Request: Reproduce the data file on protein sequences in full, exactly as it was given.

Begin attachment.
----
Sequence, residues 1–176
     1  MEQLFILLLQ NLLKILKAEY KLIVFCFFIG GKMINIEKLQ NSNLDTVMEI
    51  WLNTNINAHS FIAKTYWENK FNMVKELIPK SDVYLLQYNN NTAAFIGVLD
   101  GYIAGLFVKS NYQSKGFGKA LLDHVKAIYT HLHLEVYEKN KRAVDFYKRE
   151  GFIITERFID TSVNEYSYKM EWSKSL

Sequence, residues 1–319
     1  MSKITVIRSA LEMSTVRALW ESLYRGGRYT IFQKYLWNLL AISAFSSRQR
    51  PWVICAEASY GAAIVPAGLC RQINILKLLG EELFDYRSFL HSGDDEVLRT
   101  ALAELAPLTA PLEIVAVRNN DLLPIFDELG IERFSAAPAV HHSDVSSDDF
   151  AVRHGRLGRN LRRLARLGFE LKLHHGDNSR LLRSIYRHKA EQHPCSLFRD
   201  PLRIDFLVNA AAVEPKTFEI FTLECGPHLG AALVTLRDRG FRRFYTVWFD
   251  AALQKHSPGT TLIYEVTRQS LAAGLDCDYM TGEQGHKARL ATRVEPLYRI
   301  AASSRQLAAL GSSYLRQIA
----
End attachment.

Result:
Sequence, residues 1–176
     1  MEQLFILLLQ NLLKILKAEY KLIVFCFFIG GKMINIEKLQ NSNLDTVMEI
    51  WLNTNINAHS FIAKTYWENK FNMVKELIPK SDVYLLQYNN NTAAFIGVLD
   101  GYIAGLFVKS NYQSKGFGKA LLDHVKAIYT HLHLEVYEKN KRAVDFYKRE
   151  GFIITERFID TSVNEYSYKM EWSKSL

Sequence, residues 1–319
     1  MSKITVIRSA LEMSTVRALW ESLYRGGRYT IFQKYLWNLL AISAFSSRQR
    51  PWVICAEASY GAAIVPAGLC RQINILKLLG EELFDYRSFL HSGDDEVLRT
   101  ALAELAPLTA PLEIVAVRNN DLLPIFDELG IERFSAAPAV HHSDVSSDDF
   151  AVRHGRLGRN LRRLARLGFE LKLHHGDNSR LLRSIYRHKA EQHPCSLFRD
   201  PLRIDFLVNA AAVEPKTFEI FTLECGPHLG AALVTLRDRG FRRFYTVWFD
   251  AALQKHSPGT TLIYEVTRQS LAAGLDCDYM TGEQGHKARL ATRVEPLYRI
   301  AASSRQLAAL GSSYLRQIA